Listed in our guidebook as a kayak company (gasp!) we went to San Gil partly because of them. Arriving at their office, we were given a rundown of the few river sections available in the dry season. Wanting to put us on the Class II/Class III river before letting us go down anything more technical, we signed up to follow a river raft the following day. Unfortunately the equipment was very old and in poor shape. 2/3 of Danny’s warner paddle blade was missing, leaving him rather vulnerable upside down in the river. The equipment had seen better days and I wouldn’t want to be running a Class IV with any of it. Essentially we functioned as the safety boaters for the raft trip, but the river was more 2 than 3 so it turned out to be an extremely easy run. Disappointed we went back to the office to try to repeat the run that afternoon, but they were not inclined to offer us any discount, even without a guide. Their next trip was two days later, but we declined to go with them again partly because of their refusal to let us do the run again on our own at a discount, but mostly because of the poor quality of the rental kayak equipment.
After “mountain biking” with several companies in Mexico only to ride flat gravel paths we were convinced there was little commercial mountain biking to be found in Mexico. Although we had been in real bike shops in Mexico, none of the tours turned out to be real mountain biking. And then we met Ursula. Taking what we figured might be our last stab at mountain biking in Mexico, we headed to Los Pinguinos in San Cristobal de las Casas. The modern equipment, covered in dirt told us that this trip would be different. As we fitted our gear (helmets and bike gloves!) Ursula explained the trail to us and cautioned us that no cameras would be allowed. Sensing our disappointment Ursula explained that many of the local villages believe that cameras steal their souls and since her trips go to villages that no other tours go to, it was important for her to respect their wishes and customs.
The trek itself was a mixture of single track and dirt roads and some very challenging uphills. We road through a cloud forest and a few small indigenous villages where the paved roads don’t go. It was a great way to explore the area and get out of touristy San Cristobal. Very highly recommend mountain biking with Los Pinguinos.
Although other companies had cheaper volcano boarding in Leon, the thought of going with 30 other people was, well not what we wanted. We arrived at Va Pues around 5pm and immediately negotiated a sandboarding trip for the next day. With tourism down, they were more than happy to negotiate the price and in the end we paid $3 per person more than the larger tours, and ours ended up being private. Our guide, Wilbur was excellent and on our hike to the volcano he explained the geology of the area, pointing out recent lava fields in the distance. Relaxed and flexible, Wilbur didn’t hesitate to add an additional hike into the crater at our request. Patient, intelligent and fluent in English, we had a great time with Wilbur and Va Pues. Although we took a sandboarding tour, the company offers tours out of Leon and Granada, Nicaragua.
The proprietor of Casa de Clara, Clara, runs a no-nonsense one day tour of the ruins surrounding Trujillo. Our small group of three piled into Clara’s tiny, VW Beetle and spent the day touring around Huaca del Luna, Chan-Chan and the Temple of the Rainbows. What her car lacked in safety and aestetics Clara more than made up for in archeologic knowledge and local background. At each site it was clear that Clara is a regular on the Trujillo archeological circuit, not only did she know the sites, but she also knew every security guard and tour guide on the property. She navigated our group around the crowds and gave us a much more thorough tour than the other groups seemed to get. Her English is very good, but don’t expect a relaxing tour, there’s a lot to see in one day and only so much time to see it in. The price including all entrance fees and transportation for the one day Trujillo ruins tour was 60 soles. Other tour agencies in Trujillo offer tours from 30-40 soles, which do not include entrance fees (about 20 soles total for students depending on which sites you go to). We did not book our tour in advance and it ran from approximately 11am – 6pm, including a lunch break, but since its a semi-private or private tour the time is up to you.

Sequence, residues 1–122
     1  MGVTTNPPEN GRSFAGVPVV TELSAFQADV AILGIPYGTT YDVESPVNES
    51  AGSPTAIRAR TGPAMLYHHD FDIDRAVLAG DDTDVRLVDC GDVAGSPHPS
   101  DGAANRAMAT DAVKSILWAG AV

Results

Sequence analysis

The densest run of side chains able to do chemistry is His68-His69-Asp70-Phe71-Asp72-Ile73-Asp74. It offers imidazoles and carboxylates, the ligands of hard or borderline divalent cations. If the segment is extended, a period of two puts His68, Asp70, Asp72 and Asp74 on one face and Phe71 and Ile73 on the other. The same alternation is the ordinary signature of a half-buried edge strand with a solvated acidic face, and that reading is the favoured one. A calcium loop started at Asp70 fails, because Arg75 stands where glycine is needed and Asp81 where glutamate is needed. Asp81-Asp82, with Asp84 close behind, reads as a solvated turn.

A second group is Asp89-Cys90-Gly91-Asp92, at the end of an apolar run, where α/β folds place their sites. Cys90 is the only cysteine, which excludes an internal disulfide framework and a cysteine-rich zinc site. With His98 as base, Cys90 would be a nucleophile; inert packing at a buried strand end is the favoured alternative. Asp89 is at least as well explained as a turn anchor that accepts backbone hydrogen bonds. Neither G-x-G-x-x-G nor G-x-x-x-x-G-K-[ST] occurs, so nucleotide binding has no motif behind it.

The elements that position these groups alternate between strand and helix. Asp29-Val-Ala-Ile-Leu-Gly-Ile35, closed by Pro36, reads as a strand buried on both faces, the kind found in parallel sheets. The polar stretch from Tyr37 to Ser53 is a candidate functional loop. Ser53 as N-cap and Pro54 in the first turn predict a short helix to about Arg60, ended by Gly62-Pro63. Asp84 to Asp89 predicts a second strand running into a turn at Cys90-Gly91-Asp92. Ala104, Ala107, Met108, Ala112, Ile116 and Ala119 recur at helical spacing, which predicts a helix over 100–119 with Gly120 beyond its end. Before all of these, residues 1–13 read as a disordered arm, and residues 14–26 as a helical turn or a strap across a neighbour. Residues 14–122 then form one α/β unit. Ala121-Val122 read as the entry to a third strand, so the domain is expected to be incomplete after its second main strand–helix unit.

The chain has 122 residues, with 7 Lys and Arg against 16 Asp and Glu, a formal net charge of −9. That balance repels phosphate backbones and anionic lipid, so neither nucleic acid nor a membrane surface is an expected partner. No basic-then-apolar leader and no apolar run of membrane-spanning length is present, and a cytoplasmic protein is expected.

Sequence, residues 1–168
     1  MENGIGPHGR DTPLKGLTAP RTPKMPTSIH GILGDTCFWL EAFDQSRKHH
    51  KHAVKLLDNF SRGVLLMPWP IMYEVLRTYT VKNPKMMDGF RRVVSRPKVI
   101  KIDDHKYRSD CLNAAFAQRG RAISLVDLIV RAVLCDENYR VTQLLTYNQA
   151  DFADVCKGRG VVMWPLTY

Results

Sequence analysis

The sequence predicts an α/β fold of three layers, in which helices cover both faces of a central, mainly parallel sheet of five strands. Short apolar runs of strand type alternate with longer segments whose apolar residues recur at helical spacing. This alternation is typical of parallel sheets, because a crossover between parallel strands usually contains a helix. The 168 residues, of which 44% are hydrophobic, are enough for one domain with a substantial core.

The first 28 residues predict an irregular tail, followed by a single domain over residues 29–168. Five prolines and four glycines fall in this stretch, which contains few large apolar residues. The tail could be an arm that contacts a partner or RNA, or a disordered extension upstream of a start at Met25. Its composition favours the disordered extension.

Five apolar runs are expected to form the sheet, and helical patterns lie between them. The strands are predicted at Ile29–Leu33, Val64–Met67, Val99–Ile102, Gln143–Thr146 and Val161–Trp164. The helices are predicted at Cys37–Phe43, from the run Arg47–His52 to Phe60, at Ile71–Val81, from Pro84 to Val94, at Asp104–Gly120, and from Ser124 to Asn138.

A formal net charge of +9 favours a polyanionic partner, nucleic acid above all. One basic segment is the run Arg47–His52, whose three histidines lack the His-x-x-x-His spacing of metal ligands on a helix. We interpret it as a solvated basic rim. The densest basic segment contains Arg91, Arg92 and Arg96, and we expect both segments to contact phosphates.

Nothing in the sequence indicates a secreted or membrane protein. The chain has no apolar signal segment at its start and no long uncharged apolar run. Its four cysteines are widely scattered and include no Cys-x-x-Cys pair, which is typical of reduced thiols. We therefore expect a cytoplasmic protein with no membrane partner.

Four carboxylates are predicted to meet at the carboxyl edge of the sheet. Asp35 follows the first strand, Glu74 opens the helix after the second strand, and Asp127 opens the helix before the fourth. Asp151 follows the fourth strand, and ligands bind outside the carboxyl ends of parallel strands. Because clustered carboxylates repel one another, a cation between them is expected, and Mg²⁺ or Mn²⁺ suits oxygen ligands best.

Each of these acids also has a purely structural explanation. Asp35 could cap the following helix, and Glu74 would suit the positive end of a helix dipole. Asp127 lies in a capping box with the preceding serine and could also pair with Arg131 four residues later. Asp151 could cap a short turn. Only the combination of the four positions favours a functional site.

Over 5 months on the road and this is the first review we have written for a hostal. Princess Maria was simply a breath of fresh air. The cheapest of all of our accommodations in Ecuador (about $6 each) we had only intended to stay in Banos one night but quickly extended our stay. The owners were always present ready to supply any and all visitors with whatever kind of information that might be needed or just to hang out and practice some Spanish.
Aside from being a cheap hostalling option, Princess Maria provided us with everything we needed for our stay in Banos. We had a private room with a private bathroom and all the hot water we wanted, which wasn’t much thanks to the nearby hot spring. There was a kitchen where we cooked ourselves a nice meal as well as free Wifi internet. The hostal is well decorated with a TV common room as well.
Usually we skip the hostal and go to the small hotel around the corner. If more hostals were like Princess Maria we wouldn’t go anywhere else….ever.